Mothers who must return to work almost immediately after giving birth rely on family, friends, or day-care providers to care for their babies. While Bowlby’s research focused on the potential harmful effects of separation, other research indicates that the more people a child feels safe and comfortable with, the less separation anxiety they will experience. Many children even develop emotional ties to a blanket or teddy bear which serves as a physical link between them and their emotional “homes”.

While there is still some disagreement about whether the modern nuclear family is the result of the industrial revolution, most people agree that it can isolate people from other family and relationships. This can result in more pressure placed on each family member, especially mothers. Isolation can also result in children learning fewer negotiation and conflict resolution skills, which are so necessary to successfully navigate within society as a whole.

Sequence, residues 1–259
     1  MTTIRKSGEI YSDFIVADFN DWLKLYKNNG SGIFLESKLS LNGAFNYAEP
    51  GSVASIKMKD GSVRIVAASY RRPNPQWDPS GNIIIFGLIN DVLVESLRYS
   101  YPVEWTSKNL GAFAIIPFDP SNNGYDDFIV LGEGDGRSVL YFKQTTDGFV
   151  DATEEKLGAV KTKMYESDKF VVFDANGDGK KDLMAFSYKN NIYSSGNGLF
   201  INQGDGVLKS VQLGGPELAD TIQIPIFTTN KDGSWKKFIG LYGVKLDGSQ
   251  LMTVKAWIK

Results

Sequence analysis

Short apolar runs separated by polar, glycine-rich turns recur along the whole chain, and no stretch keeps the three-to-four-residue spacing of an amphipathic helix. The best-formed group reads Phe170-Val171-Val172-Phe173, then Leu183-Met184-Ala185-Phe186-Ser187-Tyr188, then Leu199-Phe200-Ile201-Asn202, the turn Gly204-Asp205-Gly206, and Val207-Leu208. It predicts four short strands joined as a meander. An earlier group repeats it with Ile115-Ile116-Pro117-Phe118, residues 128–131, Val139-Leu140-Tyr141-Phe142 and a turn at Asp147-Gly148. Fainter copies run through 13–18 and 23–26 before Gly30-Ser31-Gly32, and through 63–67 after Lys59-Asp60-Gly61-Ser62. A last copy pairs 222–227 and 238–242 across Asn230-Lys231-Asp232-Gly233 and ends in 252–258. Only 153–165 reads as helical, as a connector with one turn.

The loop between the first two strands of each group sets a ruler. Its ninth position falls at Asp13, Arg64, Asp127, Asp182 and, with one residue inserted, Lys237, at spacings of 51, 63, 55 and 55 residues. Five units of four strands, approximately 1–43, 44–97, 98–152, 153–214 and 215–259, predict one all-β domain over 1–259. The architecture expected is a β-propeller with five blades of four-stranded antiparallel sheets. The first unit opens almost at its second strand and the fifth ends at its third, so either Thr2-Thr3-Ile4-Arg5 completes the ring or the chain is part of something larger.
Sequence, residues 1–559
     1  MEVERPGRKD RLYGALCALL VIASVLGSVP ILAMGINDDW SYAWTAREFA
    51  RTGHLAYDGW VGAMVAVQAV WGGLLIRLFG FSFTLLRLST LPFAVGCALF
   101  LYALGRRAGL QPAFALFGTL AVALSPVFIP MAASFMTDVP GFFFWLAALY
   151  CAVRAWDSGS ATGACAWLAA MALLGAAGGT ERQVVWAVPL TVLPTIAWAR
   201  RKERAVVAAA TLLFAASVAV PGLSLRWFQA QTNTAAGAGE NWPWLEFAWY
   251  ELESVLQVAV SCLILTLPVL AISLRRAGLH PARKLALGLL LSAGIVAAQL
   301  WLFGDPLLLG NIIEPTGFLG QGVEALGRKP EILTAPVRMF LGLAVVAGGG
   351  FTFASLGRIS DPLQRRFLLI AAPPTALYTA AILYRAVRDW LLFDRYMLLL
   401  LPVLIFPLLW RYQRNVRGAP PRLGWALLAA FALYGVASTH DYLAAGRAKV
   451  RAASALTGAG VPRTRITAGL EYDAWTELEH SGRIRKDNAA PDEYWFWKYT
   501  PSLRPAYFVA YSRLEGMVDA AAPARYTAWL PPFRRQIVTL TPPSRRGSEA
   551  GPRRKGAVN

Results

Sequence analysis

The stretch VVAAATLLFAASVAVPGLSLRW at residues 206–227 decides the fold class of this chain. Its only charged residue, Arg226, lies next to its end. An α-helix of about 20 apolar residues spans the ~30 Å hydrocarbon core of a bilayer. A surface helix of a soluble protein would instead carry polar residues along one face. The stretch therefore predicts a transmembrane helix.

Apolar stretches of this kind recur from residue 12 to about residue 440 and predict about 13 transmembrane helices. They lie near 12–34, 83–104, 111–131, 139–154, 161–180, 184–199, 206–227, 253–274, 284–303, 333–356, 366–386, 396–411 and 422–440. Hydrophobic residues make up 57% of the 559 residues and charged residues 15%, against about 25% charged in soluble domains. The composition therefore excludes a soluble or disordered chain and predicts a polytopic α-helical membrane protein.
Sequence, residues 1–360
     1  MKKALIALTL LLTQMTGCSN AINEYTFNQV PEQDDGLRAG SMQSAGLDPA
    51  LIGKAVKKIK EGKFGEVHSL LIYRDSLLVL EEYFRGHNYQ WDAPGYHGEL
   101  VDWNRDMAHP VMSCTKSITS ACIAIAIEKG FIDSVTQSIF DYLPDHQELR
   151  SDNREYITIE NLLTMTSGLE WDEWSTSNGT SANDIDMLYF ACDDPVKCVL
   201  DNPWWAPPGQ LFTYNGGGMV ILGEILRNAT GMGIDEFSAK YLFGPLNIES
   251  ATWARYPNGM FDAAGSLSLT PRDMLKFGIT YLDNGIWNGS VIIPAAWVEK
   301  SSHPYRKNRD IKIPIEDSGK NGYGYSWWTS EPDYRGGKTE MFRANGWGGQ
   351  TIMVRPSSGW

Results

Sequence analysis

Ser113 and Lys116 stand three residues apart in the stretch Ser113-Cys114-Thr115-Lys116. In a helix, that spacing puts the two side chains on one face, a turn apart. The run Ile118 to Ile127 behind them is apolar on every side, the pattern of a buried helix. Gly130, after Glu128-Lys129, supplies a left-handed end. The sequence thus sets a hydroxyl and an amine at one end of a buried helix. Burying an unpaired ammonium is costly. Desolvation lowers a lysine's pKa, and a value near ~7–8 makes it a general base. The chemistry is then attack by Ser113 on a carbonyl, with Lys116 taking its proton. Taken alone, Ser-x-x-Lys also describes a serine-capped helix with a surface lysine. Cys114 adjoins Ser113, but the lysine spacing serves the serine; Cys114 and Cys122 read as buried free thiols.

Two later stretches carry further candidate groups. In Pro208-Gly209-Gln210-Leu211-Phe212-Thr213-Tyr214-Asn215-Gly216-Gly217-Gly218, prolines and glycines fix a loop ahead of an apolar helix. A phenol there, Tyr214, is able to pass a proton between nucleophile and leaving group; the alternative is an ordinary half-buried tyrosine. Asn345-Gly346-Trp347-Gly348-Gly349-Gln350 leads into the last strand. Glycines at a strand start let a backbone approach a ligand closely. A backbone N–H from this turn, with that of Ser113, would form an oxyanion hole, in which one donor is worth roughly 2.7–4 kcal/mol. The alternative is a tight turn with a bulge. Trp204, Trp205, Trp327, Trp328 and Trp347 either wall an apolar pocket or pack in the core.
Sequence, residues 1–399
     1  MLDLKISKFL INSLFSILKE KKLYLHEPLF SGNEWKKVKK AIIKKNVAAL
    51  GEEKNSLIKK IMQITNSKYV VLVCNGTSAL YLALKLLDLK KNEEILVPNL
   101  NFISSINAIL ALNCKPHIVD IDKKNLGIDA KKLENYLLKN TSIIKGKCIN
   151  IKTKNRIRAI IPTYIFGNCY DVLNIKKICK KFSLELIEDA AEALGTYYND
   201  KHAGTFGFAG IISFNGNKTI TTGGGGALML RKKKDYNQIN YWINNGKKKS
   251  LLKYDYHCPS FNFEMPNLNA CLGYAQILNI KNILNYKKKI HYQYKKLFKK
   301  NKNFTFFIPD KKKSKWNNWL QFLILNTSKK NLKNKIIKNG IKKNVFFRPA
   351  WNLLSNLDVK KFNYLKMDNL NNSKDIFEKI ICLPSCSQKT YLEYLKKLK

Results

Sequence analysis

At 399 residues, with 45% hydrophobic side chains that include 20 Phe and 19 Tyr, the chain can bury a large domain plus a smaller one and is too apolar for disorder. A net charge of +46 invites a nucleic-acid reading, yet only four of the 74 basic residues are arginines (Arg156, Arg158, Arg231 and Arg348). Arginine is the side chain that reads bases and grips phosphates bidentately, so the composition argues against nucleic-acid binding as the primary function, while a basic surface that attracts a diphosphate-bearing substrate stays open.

Any child psychologist would agree that it is the pleasurable quality of interaction that is most conducive to children forming meaningful attachments. So rather than feeling guilty for those times when you’re too overwhelmed to radiate happiness during those interactions, view them as opportunities for your child to further develop other valuable emotional attachments.

Here you you will find more about attachment and bonding, and here are some extra sources:

Child Psychologist
Maternal Caress, Mary Cassatt, 1890–91, Credit Line Gift of Paul J. Sachs, 1916. Metropolitan Museum of Art